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rubio tried to do which is to go back to the moment and say that president bush was faced with a difficult decision. one was do nothing and perhaps have saddam hussein coordinate with terrorists or do something to try to stop him. again, i don't usually give advice to political candidates but in this case to try to take people back in time. that's what marco rubio tried to do. his problem is his answers are intentioned when he looks back at the lessons learned from this war. >> dick cheney has no problem saying even though we knew they did not have it, we should have gone ahead. sort of unbalanced. it's good that saddam is gone. i don't understand why they have a hard time saying if we didn't know there was a weapon of mass destruction there, we wouldn't have gone in.
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that's hillary clinton's decision. >> they have a difficult question because they were not with them. that means basically they would be arguing a position that most of the country does not believe in, which is that all of this cornage was worth it just to get rid of hasaddam hussein. >> you're suggesting that by saying what they're saying they're in tune with what the country is? >> that's right. then they move on, which is about this current president. >> thank you, john. we'll talk to senator lindsey graham about iraq and the president's response to isis. we'll talk about the 2016 plans. that's ahead here on "cbs this morning." police in waco t say clashes in rival motorcycle gangs may not be over after a deadly shoot-out. it killed biker clash. at least nine people are dead nine people and wounded 18 more. shoppersshoppers ranp shoppers ran for safety after ther the firing began. vicente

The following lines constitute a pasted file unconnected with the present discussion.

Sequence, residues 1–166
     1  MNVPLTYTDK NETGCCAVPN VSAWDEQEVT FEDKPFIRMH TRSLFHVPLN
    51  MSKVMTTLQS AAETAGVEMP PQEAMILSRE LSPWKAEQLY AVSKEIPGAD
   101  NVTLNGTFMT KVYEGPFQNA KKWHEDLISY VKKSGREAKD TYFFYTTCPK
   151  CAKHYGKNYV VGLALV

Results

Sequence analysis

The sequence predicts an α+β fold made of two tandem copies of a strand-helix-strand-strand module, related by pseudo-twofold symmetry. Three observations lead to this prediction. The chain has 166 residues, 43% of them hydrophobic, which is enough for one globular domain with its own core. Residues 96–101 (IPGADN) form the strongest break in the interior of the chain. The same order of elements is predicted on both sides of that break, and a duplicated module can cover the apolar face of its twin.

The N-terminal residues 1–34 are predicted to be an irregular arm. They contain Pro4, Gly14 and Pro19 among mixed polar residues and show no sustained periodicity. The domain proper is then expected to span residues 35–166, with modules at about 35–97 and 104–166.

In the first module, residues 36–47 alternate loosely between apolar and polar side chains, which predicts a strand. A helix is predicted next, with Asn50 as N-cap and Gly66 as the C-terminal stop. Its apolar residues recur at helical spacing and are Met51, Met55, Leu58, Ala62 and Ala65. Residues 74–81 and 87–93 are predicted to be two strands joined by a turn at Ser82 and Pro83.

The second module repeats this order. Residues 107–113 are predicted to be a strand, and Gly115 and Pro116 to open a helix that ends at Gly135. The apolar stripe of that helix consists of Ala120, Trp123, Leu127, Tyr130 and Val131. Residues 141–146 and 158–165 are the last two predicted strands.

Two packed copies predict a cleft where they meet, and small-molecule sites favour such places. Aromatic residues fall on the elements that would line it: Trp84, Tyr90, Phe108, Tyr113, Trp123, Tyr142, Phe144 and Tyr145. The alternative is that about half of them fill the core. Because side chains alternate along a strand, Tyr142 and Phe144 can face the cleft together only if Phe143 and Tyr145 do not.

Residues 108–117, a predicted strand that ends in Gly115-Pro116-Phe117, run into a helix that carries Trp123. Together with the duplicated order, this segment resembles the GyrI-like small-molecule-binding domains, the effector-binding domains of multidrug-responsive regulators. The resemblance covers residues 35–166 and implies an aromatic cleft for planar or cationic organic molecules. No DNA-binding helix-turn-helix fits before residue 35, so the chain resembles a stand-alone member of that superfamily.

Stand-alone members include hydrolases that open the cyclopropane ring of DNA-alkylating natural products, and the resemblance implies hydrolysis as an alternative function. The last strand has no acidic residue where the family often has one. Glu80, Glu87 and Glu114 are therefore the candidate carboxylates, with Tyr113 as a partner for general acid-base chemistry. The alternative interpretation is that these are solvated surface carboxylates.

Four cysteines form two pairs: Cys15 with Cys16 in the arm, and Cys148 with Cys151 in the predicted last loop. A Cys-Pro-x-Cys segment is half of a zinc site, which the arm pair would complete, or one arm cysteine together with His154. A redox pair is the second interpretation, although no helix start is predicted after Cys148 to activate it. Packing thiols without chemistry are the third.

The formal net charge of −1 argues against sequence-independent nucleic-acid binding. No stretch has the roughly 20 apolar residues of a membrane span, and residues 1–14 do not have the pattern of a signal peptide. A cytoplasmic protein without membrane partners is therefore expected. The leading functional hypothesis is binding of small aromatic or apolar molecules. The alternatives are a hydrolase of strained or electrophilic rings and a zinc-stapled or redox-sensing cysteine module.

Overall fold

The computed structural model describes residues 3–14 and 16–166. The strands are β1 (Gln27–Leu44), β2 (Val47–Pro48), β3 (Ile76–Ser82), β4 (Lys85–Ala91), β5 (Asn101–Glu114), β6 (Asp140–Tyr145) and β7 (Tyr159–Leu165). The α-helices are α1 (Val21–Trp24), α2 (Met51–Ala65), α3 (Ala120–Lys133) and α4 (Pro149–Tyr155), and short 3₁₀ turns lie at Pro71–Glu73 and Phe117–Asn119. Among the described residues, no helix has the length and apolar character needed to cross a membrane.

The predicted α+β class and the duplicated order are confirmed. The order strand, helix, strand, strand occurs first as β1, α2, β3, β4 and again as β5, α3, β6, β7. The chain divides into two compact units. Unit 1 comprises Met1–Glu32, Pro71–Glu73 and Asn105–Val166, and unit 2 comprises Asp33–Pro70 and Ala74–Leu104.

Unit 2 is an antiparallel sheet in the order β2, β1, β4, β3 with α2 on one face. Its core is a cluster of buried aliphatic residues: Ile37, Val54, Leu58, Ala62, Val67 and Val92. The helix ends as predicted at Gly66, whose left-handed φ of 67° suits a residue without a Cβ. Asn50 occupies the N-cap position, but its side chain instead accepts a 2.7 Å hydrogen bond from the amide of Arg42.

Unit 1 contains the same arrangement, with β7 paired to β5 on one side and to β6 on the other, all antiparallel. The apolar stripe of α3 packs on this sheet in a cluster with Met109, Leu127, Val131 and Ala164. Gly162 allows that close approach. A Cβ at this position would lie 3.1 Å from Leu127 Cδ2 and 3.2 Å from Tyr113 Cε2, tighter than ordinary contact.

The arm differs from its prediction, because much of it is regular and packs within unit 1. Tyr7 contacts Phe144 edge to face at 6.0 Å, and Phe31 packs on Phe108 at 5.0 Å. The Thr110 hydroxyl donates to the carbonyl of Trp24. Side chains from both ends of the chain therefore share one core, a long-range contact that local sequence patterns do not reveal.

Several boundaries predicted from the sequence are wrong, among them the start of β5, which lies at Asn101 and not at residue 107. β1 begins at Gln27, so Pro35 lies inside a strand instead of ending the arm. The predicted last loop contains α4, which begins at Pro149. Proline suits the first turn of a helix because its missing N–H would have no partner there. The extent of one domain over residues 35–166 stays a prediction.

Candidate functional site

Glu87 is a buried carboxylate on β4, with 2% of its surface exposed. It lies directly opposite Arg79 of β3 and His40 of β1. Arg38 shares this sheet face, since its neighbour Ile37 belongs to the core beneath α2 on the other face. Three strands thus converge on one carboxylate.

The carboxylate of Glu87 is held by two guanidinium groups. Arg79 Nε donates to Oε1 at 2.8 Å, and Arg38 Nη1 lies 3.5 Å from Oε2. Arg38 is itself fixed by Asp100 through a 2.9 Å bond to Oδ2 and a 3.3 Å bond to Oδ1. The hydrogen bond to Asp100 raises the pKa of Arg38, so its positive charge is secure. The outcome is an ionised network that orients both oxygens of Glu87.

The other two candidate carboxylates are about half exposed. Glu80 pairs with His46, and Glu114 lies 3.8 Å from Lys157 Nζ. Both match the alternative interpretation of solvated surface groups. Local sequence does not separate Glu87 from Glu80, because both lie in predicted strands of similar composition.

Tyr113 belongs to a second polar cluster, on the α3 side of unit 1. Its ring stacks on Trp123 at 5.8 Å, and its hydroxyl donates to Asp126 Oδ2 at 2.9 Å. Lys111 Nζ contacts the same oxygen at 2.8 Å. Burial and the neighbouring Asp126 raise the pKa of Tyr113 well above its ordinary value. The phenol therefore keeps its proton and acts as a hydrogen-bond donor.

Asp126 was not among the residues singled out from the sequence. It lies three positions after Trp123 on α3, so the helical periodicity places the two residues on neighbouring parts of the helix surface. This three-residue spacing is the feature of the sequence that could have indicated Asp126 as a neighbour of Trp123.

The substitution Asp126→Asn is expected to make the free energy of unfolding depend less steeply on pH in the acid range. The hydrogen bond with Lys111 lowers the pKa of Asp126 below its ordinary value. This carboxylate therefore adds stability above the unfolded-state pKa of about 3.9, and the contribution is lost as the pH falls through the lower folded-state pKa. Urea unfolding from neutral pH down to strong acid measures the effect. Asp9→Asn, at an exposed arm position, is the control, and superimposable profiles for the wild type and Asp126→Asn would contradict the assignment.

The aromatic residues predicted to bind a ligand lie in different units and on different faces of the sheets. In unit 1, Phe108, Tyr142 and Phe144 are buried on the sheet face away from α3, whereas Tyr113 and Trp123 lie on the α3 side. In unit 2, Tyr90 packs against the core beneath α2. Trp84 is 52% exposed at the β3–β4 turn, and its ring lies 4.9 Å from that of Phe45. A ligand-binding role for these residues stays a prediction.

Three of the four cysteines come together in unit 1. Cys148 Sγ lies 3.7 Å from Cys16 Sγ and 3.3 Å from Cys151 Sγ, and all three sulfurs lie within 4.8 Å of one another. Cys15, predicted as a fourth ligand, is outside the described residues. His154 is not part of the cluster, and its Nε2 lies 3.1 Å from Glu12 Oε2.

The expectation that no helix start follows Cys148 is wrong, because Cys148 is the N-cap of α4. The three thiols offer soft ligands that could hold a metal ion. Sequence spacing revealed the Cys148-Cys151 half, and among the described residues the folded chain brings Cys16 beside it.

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vicente arenasr vicente arenasp vicente arenasvicente arenas is near there. good morning. >> reporter:p >> reporter: good morning.p more than 200more than 200 gathered it was partr partpart part recruiting and part turf war. policepolice were police were readypolice were ready and responded within seconds. >> reporter: investigators havep been combingr been combingbeen combing this been combing thisp been combing thisbeen combing thisp been combingr been combingbeen combing this been combing thisp been combing thisbeen combing this parking lot in restaurantp restaurant where itp scene of scene of sunday's scene of sunday's violent shoot-out. >>r p >> this is one>> this is one of the >> this is one of the most horrificp horrifichorrific scenesp >> this is one>> this is one of the >> this is one of the most horrificp horrifichorrific scenes i receive in 34 yearsr years ofp >> they were>> they were going by >> they were going by twin peeks. thoughtp thought theythought they heard gunshots. sawr saw a lotp saw a lot ofsaw a lot of people saw a lot of peoplesaw a lot of people running. >> reporter:>> reporter: police >> reporter: police>> reporter: police say it's eruptedp erupted witherupted with people and quickly escalated withp escalated with escalated with chains, clubs, knivesknives, and p s.w.a.t. teamss.w.a.t.